History of mindfulness assessment

To provide some historical context, the source scales of the FFMQ were supposed to capture a number of related but distinct dimensions, initially derived from an adaptation of Eastern philosophical thinking to Western audiences (Baer et al., 2006; Kucinskas, 2018). The MAAS (Brown & Ryan, 2003) assesses the lack of attention to one’s emotions, thoughts, sensations, and behaviors in general and is proposed to measure present-awareness (Brown & Ryan, 2003; Carlson & Brown, 2005). The KIMS (Baer, Smith, & Allen, 2004) conceptualizes mindfulness as a four-dimensional construct with acting with awareness, accept without judgment, describing, and observing facets. The revised FMI (Walach, Buchheld, Buttenmüller, Kleinknecht, & Schmidt, 2006) assesses a general factor of non-judgmental present-moment awareness, therefore adding the lack of self-evaluation as an important component of the construct. The CAMS-R (Feldman, Hayes, Kumar, Greeson, & Laurenceau, 2007) assesses four facets of mindfulness: self-regulation of attention, orientation to present-moment experience, awareness of experience, and accepting or non-judging attitude toward experience. The SMQ (Chadwick et al., 2008) assesses mindfulness in response to distressing images, focusing on decentered awareness, staying open to difficult experience, non-judgmental acceptance, and seeing difficult cognitions as transient mental events without reacting to them to measure a single score of mindfulness.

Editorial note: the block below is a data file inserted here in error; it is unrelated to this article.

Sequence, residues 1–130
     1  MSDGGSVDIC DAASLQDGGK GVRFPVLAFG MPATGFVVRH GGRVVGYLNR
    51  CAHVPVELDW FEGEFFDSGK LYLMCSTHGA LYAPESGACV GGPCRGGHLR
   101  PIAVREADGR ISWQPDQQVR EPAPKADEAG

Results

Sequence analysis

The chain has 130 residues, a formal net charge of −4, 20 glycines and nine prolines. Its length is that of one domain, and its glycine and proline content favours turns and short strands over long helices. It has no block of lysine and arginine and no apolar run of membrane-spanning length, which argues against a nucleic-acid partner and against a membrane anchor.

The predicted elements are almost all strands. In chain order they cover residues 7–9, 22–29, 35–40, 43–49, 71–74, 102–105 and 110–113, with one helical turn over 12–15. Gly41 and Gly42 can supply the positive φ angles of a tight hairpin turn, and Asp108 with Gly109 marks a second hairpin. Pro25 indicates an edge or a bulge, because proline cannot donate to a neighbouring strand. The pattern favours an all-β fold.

Despite their differences, a factor analysis of these instruments using principal axis factoring with an oblique rotation based on all 112 items suggested that five main facets were sufficient to represent the data (Baer et al., 2006). Of the original set of 112 items, 64 items loaded substantially on one of the five facets. The observing facet measures the awareness of internal experiences (emotions, cognitions) and external experiences (sounds, sights, and smells). The describing facet measures the tendency and ability to describe these internal and external experiences with words. The acting with awareness facet measures the tendency to bring full awareness and undivided focus to actions and experiences. The non-judging facet measures the tendency to refrain from evaluating inner experiences. The non-reactivity facet measures the tendency to accept emotions and states as transient and refrain from reacting to them. All these facets seem to capture elements that were central to the Eastern philosophical foundations of mindfulness, except that the spiritual and religious components have been excluded (Kabat-Zinn, 1994; Kucinskas, 2014).